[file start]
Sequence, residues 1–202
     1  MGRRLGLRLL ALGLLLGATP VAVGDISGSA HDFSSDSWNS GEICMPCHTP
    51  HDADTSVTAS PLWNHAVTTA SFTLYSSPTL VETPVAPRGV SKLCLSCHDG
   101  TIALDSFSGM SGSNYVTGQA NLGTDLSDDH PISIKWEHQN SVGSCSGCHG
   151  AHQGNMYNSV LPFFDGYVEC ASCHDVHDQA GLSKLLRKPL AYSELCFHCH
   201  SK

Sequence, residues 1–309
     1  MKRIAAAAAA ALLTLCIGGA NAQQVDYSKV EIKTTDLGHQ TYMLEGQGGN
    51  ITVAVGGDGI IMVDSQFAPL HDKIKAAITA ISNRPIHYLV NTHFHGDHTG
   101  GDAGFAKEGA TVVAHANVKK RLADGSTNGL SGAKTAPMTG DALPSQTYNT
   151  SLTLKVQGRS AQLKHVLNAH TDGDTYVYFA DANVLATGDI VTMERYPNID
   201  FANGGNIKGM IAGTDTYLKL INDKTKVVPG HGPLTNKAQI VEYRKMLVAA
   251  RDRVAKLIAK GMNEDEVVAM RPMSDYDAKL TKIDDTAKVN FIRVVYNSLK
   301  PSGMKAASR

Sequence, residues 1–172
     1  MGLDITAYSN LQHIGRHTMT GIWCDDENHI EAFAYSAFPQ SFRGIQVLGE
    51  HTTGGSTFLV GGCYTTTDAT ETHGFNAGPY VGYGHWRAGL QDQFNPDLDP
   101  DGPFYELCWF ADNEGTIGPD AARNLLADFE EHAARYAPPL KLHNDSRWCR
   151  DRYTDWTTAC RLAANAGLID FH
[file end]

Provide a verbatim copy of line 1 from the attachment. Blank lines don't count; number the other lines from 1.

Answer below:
Sequence, residues 1–202